They’ll Crawl Over Broken Glass for Kavanaugh

WASHINGTON, DC - JULY 09: U.S. President Donald Trump introduces U.S. Circuit Judge Brett M. Kavanaugh as his nominee to the United States Supreme Court during an event in the East Room of the White House July 9, 2018 in Washington, DC. Pending confirmation by the U.S. Senate, Judge Kavanaugh would succeed Associate Justice Anthony Kennedy, 81, who is retiring after 30 years of service on the high court. (Photo by Mark Wilson/Getty Images)
WASHINGTON, DC - JULY 09: U.S. President Donald Trump introduces U.S. Circuit Judge Brett M. Kavanaugh as his nominee to the United States Supreme Court during an event in the East Room of the White House July 9, 201... WASHINGTON, DC - JULY 09: U.S. President Donald Trump introduces U.S. Circuit Judge Brett M. Kavanaugh as his nominee to the United States Supreme Court during an event in the East Room of the White House July 9, 2018 in Washington, DC. Pending confirmation by the U.S. Senate, Judge Kavanaugh would succeed Associate Justice Anthony Kennedy, 81, who is retiring after 30 years of service on the high court. (Photo by Mark Wilson/Getty Images) MORE LESS
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September 16, 2018 5:08 p.m.
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I assume you’ve already read the article in The Washington Post in which the unnamed accuser of Brett Kavanaugh goes public with her account of what happened. I don’t have anything to add to the account or what it means. Those speak for themselves. I have more insight into the potential political fallout. A lawyer shepherding the nomination on behalf of the White House said this to Politico: “No way, not even a hint of it. If anything, it’s the opposite. If somebody can be brought down by accusations like this, then you, me, every man certainly should be worried. We can all be accused of something.”

That is quite a statement, suggesting that Christine Blasey Ford’s accusation has transformed the confirmation fight from a mere Supreme Court confirmation battle into some sort of freedom movement on behalf of men accused of rape. This attitude seems particularly suited to the Trump White House. But we shouldn’t kid ourselves about just how hard Republicans are likely to fight to save Kavanaugh’s nomination.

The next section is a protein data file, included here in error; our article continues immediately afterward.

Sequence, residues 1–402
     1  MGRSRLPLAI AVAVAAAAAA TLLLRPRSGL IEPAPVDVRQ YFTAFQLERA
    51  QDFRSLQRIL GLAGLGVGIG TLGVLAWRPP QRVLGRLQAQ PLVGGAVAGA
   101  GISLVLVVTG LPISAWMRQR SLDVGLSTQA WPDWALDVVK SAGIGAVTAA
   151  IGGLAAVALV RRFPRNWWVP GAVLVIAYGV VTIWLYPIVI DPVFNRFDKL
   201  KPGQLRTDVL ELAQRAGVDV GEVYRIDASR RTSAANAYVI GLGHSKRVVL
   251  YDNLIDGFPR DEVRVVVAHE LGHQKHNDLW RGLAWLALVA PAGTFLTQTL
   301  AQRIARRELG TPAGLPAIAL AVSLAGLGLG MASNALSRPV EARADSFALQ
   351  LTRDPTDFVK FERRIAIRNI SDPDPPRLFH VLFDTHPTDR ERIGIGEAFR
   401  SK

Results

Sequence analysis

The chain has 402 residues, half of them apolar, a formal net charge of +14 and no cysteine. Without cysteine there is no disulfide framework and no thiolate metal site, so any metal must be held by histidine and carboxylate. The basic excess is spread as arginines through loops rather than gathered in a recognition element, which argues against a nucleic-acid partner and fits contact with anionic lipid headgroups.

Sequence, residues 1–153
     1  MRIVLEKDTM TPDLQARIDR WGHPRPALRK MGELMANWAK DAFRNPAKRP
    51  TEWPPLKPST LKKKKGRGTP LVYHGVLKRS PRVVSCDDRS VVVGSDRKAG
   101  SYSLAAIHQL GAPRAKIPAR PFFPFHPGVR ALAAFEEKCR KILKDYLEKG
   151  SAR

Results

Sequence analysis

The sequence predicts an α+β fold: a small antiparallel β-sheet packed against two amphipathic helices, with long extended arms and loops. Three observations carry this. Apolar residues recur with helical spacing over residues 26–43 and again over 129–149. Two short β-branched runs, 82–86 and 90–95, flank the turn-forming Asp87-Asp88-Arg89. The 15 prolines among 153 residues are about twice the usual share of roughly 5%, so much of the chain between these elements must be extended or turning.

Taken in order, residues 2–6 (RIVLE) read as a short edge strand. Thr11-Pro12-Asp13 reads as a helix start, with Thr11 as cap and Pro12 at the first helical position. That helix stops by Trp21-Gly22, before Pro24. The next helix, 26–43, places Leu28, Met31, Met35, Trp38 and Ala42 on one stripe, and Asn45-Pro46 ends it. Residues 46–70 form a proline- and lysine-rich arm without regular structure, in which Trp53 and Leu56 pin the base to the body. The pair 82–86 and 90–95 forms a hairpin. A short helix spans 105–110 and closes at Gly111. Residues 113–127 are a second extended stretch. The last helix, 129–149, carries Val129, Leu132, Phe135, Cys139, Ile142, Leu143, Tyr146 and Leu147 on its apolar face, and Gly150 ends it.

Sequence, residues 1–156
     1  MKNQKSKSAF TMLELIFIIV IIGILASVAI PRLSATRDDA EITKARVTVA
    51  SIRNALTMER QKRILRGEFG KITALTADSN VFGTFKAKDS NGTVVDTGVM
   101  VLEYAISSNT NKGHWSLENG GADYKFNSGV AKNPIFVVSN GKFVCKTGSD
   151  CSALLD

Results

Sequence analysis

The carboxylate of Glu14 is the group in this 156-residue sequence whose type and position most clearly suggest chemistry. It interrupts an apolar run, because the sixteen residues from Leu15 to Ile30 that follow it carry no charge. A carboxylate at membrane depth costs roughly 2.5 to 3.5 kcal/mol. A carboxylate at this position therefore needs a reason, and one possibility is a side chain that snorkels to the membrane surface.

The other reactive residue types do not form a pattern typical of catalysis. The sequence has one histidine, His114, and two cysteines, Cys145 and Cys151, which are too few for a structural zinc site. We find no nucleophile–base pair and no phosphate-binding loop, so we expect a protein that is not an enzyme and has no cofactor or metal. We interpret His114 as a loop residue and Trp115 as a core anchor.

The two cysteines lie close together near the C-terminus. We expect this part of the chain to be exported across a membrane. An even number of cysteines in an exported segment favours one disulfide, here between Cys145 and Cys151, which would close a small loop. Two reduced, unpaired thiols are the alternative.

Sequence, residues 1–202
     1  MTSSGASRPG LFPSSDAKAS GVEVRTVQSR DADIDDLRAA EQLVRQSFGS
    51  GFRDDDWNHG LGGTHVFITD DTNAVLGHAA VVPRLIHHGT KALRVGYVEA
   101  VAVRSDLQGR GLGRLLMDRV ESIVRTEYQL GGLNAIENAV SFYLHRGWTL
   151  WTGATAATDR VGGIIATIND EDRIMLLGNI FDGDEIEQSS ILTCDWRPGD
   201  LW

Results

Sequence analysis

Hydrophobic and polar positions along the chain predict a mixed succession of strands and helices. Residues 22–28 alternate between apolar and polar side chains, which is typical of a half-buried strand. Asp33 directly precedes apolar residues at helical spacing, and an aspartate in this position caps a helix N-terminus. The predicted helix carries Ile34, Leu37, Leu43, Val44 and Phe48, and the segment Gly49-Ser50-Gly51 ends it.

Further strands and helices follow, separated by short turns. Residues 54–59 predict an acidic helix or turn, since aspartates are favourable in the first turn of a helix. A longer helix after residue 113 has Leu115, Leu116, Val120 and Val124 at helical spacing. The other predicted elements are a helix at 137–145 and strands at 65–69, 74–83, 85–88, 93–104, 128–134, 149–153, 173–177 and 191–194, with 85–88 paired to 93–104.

We are now less than two months before the November election. If Kavanaugh’s nomination is defeated, selecting another nominee and then getting that nominee confirmed before the election will be a serious challenge. What if the Democrats take control of the Senate? That’s not likely but it does now looked possible. There’s no legal bar on the Republicans rushing a confirmation through a lame duck Senate. But it’ll be tough. And there are tools Democrats could use to bring the Senate to a standstill.

It is of course true that the Republicans have shown there’s no norm or tradition they won’t violate in a situation like this. But these are real obstacles. They create great uncertainty about the outcome of another nomination. Republicans and the conservative legal movement (led by and typified by The Federalist Society, but not limited to it) have been working to get this fifth vote for more than forty years. This is the pay-off. They got one part of the way there with the corrupt Gorsuch nomination. Now they have the fifth vote in their sights.

The chance of letting that opportunity slip through their fingers is unthinkable.
The White House and Senate Republicans are likely thinking that regardless of the credibility of the claim or what they think of it, Kavanaugh absolutely positively has to be confirmed. Because it’s not just about Kavanaugh. If he’s not confirmed it opens up the possibility that they won’t get the chance to replace Justice Kennedy and secure the fifth vote on the Court at all. Given that the Garland seat was stolen, should Democrats reclaim the chamber, I don’t think they should approve any nominee from President Trump. That’s unlikely. But Democrats won’t give the President the opportunity to nominate a maximalist right wing judge the way Republicans are now. That’s a big difference.

None of these scenarios are likely. Odds are Republicans will retain control of the Senate next year. But they’re possible. Republicans and conservatives have been fighting too long for this moment to leave anything to chance.

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